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  5. Oh the memories come flooding back. The pause button, The chart show, Top of the pops. Just hilarious the lengths we went to to capture just a snippet of something decent. I do remember staying up until about 2.30am to record about 20 seconds of Slayer’s Reign in Blood, live from Night Network. Having to sit through The Jame’s Whale Show and numerous episodes of Get Stuffed before It came on. Thanks for the memories.

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  6. You’re right that was the album w Angus dressed up as a school boy. I remember staying up late to see videos too…most of them were so bad back then. Like Van Halens Pretty Woman…remember that gem?

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  7. I still have boxes of VHS tapes of my favorites from MTV took hours to get the videos you liked

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  8. I do have a VHS player but don’t ever use it. I need to get some of those old tapes digitized. Especially my skydive, college guitar recitals and conducting the symphony in college with hair down my back…good times! All the videos are surely on Youtube but it would be scary to re-live my old teenage brain and the videos I taped.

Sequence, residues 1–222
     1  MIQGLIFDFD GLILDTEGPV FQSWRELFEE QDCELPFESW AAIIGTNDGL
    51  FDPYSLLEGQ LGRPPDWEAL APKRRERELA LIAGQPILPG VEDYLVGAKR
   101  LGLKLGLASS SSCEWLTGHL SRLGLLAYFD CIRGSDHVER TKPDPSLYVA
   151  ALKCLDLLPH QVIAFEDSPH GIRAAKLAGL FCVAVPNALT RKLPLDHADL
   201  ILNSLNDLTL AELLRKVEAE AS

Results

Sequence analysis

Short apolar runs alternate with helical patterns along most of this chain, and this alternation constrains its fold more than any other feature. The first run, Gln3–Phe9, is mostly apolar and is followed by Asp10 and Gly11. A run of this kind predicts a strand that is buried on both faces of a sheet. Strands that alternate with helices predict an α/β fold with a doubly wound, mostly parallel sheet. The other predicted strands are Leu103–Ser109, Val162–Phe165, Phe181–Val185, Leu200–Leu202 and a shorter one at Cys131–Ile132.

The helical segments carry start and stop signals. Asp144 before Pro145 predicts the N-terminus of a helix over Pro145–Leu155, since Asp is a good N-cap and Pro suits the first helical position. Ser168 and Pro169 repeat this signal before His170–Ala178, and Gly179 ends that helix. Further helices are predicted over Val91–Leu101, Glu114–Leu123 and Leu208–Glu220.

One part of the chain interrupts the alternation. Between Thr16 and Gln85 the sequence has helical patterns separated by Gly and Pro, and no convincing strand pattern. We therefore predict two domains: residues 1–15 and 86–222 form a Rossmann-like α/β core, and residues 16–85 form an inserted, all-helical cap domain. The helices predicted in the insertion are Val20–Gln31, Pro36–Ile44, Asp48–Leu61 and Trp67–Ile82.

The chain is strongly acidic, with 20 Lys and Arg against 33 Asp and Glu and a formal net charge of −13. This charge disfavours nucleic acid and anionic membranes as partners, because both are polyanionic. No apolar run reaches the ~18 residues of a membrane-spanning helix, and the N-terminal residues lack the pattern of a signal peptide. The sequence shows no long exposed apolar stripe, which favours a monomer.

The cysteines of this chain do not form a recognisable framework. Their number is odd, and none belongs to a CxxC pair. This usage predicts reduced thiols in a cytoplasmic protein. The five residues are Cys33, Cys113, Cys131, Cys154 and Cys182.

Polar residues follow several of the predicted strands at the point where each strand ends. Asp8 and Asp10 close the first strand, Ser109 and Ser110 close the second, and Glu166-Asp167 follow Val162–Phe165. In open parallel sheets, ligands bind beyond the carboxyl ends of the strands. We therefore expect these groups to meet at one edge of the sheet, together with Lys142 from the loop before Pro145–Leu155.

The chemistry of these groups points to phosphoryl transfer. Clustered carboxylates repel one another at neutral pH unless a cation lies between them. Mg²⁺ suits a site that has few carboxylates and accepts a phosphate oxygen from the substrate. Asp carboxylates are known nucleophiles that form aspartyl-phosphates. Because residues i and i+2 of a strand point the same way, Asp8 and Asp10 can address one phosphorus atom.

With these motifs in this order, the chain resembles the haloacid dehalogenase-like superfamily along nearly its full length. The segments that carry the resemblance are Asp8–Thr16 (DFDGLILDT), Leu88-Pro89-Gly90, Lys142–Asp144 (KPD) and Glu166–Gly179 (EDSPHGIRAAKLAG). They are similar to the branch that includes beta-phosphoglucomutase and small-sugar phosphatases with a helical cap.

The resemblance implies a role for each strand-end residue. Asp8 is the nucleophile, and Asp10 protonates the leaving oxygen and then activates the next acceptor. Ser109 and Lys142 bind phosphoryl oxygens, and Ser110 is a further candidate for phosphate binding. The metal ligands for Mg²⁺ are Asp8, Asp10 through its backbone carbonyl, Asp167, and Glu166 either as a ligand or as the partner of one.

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  9. Closest I got to what you describe was seeing the Cramps at the Peppermint Lounge, and then finding that the show had been released on vinyl as a live EP – trouble is, I’m pretty sure it was two nights of same set, same recording, so no real way of knowing if the one on the album is the show I was at!
    But it was a great show, so it didn’t matter much, and it was/is a great album.

    Sorry to hear that your anticipation went so richly unrewarded!